One particularly influential school of architecture was the so-called Prairie Style, spearheaded by Louis Sullivan's brilliant and ambitious student Frank Lloyd Wright. Wright, who was influenced by Japanese architecture—as well as by Sullivan's dictum that form should grow organically from function—favored simple, horizontal shapes and open vistas in his home designs, which recalled the expanses of the American prairie. He also took great...
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Architecture: Interior Design
The Up-to-Date Interior.
Authorities on the home had been calling for simplified, healthful interiors since the turn of the century. The formal, dark rooms filled with overstuffed furniture that were typical of nineteenth-century houses were vilified as old-fashioned and tasteless. Instead magazines and homemakers' manuals instructed American homeowners to take advantage of the latest technology to create an auspicious atmosphere for family life.
The Flexible Floor Plan.
A key component of interior design in the 1910s was the open floor plan, inspired by the work of Frank Lloyd Wright. No longer was each space meant to serve a single, specific purpose, as in Victorian houses, with their parlors, sitting rooms, and library. Instead, the first floor of a house built in the 1910s typically consisted of a porch, a living room, a dining room, and a kitchen, each room open to the next rather than separated by halls and doors. The living room combined the functions of the old-fashioned front hall, parlor, and library. The dining room could become a space for children's projects or a music room. The kitchen was the laboratory for the serious homemaker and a setting for casual family meals. Unlike the stuffy, dull-colored, heavily wallpapered and upholstered rooms of earlier generations, the modern house was uncluttered and airy. Rooms were to be...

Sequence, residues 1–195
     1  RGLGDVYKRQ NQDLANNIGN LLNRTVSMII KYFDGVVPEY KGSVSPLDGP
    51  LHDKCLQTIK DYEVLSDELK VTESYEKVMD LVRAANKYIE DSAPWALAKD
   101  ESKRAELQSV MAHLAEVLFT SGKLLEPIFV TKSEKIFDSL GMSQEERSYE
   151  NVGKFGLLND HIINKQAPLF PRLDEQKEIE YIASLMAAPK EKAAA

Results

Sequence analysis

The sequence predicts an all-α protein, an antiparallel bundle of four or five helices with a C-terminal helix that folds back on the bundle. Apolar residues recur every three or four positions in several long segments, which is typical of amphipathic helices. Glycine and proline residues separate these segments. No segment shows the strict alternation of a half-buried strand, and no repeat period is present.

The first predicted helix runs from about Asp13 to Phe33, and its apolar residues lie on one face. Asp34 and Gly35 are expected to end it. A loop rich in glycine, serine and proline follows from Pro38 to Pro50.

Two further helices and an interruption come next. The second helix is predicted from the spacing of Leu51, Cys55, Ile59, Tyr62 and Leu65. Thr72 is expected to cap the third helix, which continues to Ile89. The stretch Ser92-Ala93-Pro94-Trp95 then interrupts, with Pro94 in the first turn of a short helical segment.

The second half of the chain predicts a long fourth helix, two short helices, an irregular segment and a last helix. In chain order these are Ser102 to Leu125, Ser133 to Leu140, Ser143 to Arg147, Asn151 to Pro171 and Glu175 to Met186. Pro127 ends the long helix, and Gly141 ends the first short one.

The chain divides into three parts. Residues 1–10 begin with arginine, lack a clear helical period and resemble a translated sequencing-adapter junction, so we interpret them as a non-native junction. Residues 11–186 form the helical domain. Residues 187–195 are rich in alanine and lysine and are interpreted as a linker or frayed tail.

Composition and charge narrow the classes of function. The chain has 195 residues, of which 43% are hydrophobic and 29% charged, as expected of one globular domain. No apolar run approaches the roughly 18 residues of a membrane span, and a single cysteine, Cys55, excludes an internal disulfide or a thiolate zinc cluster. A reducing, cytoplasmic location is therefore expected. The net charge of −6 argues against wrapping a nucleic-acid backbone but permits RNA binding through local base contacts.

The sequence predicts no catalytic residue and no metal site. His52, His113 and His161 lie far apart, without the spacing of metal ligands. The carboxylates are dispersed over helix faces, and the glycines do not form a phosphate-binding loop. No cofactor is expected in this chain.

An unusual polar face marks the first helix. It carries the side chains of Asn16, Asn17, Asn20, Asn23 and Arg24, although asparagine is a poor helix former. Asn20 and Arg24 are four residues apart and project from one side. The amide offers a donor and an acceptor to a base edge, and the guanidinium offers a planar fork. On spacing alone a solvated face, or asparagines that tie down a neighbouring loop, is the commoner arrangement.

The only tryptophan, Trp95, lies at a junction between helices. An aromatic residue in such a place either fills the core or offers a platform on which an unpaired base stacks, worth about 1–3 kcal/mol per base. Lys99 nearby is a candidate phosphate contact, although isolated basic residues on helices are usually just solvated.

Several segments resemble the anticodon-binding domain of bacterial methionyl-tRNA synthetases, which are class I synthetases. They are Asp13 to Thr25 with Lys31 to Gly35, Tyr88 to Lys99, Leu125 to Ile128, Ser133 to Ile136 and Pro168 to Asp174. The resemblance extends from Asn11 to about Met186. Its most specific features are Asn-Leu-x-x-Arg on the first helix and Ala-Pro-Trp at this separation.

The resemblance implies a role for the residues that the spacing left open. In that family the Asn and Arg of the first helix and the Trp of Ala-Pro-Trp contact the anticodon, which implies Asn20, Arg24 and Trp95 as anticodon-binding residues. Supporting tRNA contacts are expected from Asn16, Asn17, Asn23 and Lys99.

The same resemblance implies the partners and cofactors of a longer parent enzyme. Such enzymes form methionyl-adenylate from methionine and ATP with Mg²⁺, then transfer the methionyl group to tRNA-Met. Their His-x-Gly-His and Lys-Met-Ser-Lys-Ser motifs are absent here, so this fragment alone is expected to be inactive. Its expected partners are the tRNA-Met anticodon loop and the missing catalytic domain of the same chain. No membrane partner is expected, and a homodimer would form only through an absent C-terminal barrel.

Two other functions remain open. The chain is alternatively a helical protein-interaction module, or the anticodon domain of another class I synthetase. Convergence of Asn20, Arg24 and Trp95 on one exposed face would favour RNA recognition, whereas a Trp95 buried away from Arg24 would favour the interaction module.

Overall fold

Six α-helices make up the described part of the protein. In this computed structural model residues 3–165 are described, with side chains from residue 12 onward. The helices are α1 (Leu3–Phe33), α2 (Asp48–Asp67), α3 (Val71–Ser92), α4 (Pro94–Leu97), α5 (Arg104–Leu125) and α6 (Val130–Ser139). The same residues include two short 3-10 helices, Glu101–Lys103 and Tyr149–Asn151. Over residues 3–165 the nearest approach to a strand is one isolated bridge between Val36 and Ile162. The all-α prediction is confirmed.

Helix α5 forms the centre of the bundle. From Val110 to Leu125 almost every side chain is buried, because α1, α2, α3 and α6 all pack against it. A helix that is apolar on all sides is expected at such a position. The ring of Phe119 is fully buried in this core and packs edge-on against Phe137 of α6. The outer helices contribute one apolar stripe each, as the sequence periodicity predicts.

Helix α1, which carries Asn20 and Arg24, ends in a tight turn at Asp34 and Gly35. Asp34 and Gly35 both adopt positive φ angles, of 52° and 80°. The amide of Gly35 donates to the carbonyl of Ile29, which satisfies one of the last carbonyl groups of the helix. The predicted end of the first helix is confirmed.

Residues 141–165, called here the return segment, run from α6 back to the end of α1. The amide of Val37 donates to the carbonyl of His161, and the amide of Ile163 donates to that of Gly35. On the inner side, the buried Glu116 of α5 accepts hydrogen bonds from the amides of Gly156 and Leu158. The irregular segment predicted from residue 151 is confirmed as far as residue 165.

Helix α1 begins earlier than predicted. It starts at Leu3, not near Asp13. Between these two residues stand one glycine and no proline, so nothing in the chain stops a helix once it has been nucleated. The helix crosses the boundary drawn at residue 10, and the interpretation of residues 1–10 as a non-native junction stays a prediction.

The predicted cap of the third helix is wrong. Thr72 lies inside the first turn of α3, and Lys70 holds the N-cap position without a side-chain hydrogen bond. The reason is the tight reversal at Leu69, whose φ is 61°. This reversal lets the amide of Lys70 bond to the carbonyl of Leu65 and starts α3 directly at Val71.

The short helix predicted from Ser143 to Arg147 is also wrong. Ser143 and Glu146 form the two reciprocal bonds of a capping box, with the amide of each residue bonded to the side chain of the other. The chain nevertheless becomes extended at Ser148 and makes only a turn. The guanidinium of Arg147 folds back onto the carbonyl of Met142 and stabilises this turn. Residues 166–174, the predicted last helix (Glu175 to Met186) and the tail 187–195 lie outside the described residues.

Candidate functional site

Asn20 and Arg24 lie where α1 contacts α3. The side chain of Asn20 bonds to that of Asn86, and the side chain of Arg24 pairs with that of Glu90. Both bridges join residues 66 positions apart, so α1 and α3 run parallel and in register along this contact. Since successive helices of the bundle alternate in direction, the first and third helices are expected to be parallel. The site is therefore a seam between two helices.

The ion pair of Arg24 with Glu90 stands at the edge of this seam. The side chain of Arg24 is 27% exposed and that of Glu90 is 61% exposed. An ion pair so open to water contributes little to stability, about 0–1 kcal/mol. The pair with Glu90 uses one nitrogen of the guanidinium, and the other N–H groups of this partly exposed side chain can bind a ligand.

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Goodbye to the Horse-Drawn Carriage.
During the 1910s automobiles rapidly replaced horses. Motorcars appealed to the adventurous and the professional—doctors and businessmen were among the first Americans to buy and drive cars. Over this momentous decade the design of the automobile stayed relatively stable: Henry Ford's Model T, introduced in 1908, set the standard, dominating the market and providing a model for its competitors. The wealthy drove cars that looked much like the Model T but were appointed with fur rugs and fine leather. During the 1910s the big changes in automobiles came in their production and engineering. Technological advances made cars easier to drive and maintain, while assembly innovations made them faster and cheaper to make. As costs came down, car dealers came up with a way to put automobile ownership within reach of virtually any adult: the installment plan.